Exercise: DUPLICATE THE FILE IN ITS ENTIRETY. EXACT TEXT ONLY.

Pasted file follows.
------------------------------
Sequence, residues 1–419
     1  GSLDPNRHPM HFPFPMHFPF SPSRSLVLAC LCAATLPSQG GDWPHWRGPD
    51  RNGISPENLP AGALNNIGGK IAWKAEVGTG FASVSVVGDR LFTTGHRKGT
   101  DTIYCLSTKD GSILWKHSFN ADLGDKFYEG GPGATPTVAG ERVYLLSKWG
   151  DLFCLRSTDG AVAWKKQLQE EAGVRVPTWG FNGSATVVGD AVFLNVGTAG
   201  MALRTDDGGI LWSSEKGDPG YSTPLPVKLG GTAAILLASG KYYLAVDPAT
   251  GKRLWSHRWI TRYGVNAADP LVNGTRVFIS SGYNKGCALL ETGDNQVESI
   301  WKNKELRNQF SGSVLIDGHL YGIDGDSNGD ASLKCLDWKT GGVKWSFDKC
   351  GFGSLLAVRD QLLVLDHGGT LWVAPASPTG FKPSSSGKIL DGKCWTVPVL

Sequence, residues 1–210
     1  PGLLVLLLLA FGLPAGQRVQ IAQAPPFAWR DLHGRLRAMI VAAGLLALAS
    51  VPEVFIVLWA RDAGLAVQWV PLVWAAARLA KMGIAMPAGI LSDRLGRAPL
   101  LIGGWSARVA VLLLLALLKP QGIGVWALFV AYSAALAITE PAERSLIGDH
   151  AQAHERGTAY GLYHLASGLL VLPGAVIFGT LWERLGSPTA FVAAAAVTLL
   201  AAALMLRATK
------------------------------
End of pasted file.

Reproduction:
Sequence, residues 1–419
     1  GSLDPNRHPM HFPFPMHFPF SPSRSLVLAC LCAATLPSQG GDWPHWRGPD
    51  RNGISPENLP AGALNNIGGK IAWKAEVGTG FASVSVVGDR LFTTGHRKGT
   101  DTIYCLSTKD GSILWKHSFN ADLGDKFYEG GPGATPTVAG ERVYLLSKWG
   151  DLFCLRSTDG AVAWKKQLQE EAGVRVPTWG FNGSATVVGD AVFLNVGTAG
   201  MALRTDDGGI LWSSEKGDPG YSTPLPVKLG GTAAILLASG KYYLAVDPAT
   251  GKRLWSHRWI TRYGVNAADP LVNGTRVFIS SGYNKGCALL ETGDNQVESI
   301  WKNKELRNQF SGSVLIDGHL YGIDGDSNGD ASLKCLDWKT GGVKWSFDKC
   351  GFGSLLAVRD QLLVLDHGGT LWVAPASPTG FKPSSSGKIL DGKCWTVPVL

Sequence, residues 1–210
     1  PGLLVLLLLA FGLPAGQRVQ IAQAPPFAWR DLHGRLRAMI VAAGLLALAS
    51  VPEVFIVLWA RDAGLAVQWV PLVWAAARLA KMGIAMPAGI LSDRLGRAPL
   101  LIGGWSARVA VLLLLALLKP QGIGVWALFV AYSAALAITE PAERSLIGDH
   151  AQAHERGTAY GLYHLASGLL VLPGAVIFGT LWERLGSPTA FVAAAAVTLL
   201  AAALMLRATK